The main reason that we find the expressions “the name of the LORD” and “the name of Jesus” in Christian songs and poems is because the expressions are so common in the Bible, for example: “I will lift up the cup of salvation and call on the name of the LORD” (Ps. 116:13; RSV); “I will sacrifice a thank offering to You and call on the name of the LORD” (Ps. 116:17; NIV); “The name of the LORD is a strong tower; the righteous man runs into it and is safe” (Prov. 18:10; RSV); “And you will say in that day: ‘Give thanks to the LORD, call upon his name; make known his deeds among the nations, proclaim that his name is exalted'” (Isa. 12:4; RSV); “For from the rising of the sun to its setting my name is great among the nations, and in every place incense is offered to my name, and a pure offering; for my name is great among the nations, says the LORD of hosts” (Mal. 1:11; RSV).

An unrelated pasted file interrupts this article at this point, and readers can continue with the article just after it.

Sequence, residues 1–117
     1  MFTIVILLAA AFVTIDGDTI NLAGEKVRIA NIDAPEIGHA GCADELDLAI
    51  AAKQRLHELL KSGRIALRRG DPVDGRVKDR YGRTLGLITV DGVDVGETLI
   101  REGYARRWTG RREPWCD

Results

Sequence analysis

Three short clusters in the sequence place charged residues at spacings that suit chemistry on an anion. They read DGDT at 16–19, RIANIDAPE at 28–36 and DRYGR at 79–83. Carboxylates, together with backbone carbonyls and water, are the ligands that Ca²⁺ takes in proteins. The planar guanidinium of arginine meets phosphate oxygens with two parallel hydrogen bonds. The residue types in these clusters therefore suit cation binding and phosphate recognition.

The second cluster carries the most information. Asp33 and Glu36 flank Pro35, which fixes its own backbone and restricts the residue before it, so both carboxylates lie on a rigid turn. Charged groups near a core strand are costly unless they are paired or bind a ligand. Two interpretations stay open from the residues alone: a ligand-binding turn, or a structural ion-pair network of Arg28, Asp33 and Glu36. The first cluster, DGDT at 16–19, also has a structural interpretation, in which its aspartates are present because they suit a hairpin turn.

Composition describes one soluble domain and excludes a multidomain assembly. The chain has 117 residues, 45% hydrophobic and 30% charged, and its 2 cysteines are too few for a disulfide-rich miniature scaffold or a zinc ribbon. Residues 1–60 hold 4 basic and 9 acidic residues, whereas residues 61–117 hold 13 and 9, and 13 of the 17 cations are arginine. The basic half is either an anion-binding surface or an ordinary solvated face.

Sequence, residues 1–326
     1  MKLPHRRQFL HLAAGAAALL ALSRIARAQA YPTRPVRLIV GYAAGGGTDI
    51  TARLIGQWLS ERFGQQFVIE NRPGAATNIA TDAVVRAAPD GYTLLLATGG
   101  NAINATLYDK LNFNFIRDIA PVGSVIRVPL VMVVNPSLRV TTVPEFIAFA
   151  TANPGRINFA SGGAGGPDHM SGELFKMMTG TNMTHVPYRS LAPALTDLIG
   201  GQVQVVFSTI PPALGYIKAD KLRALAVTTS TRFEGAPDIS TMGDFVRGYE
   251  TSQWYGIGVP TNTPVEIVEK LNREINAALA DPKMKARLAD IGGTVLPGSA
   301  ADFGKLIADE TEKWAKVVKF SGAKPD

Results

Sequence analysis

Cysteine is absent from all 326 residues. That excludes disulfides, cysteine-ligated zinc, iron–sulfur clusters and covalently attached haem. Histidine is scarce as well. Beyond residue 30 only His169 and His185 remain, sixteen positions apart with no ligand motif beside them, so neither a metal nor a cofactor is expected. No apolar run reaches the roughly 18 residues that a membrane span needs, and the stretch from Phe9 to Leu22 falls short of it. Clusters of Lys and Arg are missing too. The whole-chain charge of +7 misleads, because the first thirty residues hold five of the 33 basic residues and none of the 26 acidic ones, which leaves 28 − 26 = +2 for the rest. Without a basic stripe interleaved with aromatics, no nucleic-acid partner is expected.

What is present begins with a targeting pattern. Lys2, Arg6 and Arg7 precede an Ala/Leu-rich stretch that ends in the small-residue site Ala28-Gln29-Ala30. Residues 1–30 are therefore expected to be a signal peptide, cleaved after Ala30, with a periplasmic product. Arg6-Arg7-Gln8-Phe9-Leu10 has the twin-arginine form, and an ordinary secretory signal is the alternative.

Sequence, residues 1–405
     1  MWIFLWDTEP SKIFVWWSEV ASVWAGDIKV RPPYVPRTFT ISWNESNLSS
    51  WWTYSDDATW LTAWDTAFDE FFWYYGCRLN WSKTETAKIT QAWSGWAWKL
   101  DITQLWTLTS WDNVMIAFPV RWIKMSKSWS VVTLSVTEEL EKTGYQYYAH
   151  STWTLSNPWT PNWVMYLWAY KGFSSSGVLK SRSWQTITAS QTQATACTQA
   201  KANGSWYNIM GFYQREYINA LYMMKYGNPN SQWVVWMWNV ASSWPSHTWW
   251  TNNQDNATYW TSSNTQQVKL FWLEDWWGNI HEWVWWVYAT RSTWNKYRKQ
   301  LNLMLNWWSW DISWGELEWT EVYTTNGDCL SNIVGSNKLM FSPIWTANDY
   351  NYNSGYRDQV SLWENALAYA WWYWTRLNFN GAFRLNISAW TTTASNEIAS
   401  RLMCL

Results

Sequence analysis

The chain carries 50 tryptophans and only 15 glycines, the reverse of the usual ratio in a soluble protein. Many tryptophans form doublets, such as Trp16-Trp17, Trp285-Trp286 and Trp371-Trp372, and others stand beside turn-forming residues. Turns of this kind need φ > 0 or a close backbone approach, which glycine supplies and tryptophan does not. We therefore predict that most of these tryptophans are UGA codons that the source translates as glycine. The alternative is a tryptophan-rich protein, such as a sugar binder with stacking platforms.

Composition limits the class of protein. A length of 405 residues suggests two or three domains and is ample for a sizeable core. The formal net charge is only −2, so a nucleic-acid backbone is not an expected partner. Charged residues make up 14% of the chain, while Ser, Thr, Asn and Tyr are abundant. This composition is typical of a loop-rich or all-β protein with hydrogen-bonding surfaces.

We may have misunderstood, or partially misunderstood, many biblical expressions that contain the idiom, “the name of.” As is so often the case with misunderstanding of Scripture, the problem is simply one of translation. The Hebrew expression, “the name of,” has, unfortunately, usually been translated literally to English. Consequently, we have become so familiar with this idiom—it appears frequently in Scripture—that we accept it as good English. English speakers may even focus on the word “name” in the expression “the name of the LORD” rather than on the word “LORD.”